Fly fish angler reels in potential world-record blue catfish in Texas river

Texas angler caught massive catfish in Pedernales River

Angler Ben Christensen caught a 31.55 pound blue catfish on a size 10 Gamakatsu hook, with 12-lb. Rio Bass tippet and a Scott Flex 4-weight fly rod. (Ben Christensen)

A Texas angler has reeled in a potential world-record blue catfish.

Ben Christensen, of Johnson City, caught the 31.55-pound river monster on Oct. 11 with a 4-weight fly rod, which he says is typically unsuitable for catching fish over about five pounds.

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Christensen, who posted his massive catch on his Instagram pearlsnapflyfishing, told KSAT he used his years of experience to reel in the catfish in the Pedernales River, despite the small fly rod.

“I have caught a lot of big fish and know how to keep the rod and my knots from breaking by being careful with the reel’s drag and the angle of the fly rod,” Christensen said. “The rod tip was bent over almost double during the whole fight.”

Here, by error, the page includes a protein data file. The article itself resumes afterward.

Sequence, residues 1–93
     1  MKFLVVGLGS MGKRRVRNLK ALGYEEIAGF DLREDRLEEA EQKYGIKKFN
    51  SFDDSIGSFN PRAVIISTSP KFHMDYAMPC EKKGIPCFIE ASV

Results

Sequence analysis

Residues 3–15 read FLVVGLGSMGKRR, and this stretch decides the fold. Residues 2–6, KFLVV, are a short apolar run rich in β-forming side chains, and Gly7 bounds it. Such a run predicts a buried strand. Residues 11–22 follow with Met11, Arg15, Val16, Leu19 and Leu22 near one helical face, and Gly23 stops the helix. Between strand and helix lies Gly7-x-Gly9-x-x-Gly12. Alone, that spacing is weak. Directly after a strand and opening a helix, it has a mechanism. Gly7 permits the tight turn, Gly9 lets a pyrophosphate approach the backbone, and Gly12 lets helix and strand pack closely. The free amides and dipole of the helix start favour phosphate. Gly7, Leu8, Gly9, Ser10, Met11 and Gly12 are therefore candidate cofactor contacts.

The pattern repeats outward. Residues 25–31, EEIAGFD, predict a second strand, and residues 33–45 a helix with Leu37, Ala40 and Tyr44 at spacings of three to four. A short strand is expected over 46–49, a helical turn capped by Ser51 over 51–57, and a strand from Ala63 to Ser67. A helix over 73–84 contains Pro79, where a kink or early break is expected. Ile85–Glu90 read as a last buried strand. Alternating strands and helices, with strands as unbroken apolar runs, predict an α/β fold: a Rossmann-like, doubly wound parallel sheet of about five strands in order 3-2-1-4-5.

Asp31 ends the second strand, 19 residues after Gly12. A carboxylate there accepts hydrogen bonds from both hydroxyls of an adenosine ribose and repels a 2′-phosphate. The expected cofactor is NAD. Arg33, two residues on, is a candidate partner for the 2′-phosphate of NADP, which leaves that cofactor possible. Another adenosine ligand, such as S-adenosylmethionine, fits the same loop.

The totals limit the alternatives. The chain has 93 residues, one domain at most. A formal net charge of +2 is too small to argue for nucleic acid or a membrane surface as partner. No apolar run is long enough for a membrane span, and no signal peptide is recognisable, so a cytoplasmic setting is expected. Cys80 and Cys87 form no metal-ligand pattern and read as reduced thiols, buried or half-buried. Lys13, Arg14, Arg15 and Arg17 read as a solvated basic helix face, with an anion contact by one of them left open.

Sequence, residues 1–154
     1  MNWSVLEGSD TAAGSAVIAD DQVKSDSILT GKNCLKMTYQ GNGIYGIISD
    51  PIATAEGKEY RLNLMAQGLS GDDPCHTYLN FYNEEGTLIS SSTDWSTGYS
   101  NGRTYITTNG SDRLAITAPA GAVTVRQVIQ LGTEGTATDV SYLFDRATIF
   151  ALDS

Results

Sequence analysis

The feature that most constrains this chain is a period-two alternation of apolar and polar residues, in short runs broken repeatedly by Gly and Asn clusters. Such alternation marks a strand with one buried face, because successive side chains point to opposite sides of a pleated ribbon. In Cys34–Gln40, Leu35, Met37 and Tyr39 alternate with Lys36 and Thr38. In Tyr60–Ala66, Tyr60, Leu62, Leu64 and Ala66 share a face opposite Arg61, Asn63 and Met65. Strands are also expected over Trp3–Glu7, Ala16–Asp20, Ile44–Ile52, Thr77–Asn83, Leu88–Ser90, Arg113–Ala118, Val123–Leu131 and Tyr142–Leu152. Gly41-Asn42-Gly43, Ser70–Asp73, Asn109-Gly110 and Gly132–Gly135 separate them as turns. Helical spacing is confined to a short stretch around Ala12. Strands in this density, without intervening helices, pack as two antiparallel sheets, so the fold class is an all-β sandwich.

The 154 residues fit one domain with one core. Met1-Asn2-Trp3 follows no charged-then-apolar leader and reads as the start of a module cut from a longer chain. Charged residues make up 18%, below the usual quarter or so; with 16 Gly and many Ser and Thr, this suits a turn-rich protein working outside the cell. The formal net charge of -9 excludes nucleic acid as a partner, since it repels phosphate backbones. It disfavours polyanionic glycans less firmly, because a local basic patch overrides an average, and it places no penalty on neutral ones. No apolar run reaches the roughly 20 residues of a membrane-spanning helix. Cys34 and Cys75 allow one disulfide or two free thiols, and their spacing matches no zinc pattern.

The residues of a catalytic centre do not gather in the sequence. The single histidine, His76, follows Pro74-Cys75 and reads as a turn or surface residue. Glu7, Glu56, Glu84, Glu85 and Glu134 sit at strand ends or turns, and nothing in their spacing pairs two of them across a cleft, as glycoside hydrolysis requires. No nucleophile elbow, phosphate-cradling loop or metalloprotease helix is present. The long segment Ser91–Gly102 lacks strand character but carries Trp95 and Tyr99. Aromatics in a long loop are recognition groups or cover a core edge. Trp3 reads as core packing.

“I was casting an olive-colored variation of a creek damsel fly my son had tied up the night before. It’s a fly he designed called the Chips ‘N Salsa, because every fish wants to eat it,” said Christensen.

According to the International Game Fish Association, the catfish might be a world record holder. Currently, the 12-pound tippet record for a blue catfish is a Florida fish that weighs in at 26 pounds, 4 ounces - significantly less than Christensen’s catch.

“This catfish is definitely a personal best,” Christensen said. “This one surprised me, because catfish are usually holed up along the river’s bottom, and can be hard to catch while fly fishing.”

Texas Parks and Wildlife officials with the Inland Fisheries San Marcos/Austin District said the catch is pending the water body record for the Pedernales River.

Christensen said he kept the fish “because, after a fight of 40 minutes, I was pretty certain it would perish. Even though it is old and the flesh not prime for eating, we filleted it thin for deep frying.”

He said he typically releases fish back into the river but not always.

“Catch-and-release is a hot-button debate in fly fishing,” Christensen said. “I have caught some big, big fish from the Sabinal River in Lost Maples State Natural Area, to my home waters in the Pedernales and everywhere in between. I have released every single one of those fish until this catfish.”

The angler is currently writing a book titled Fly Fishing San Antonio and the Texas Hill Country, which is due out in Sept. 2023. It will be part of the Local Angler series which launched with the award-winning Fly Fishing Austin and Central Texas by Aaron Reed.

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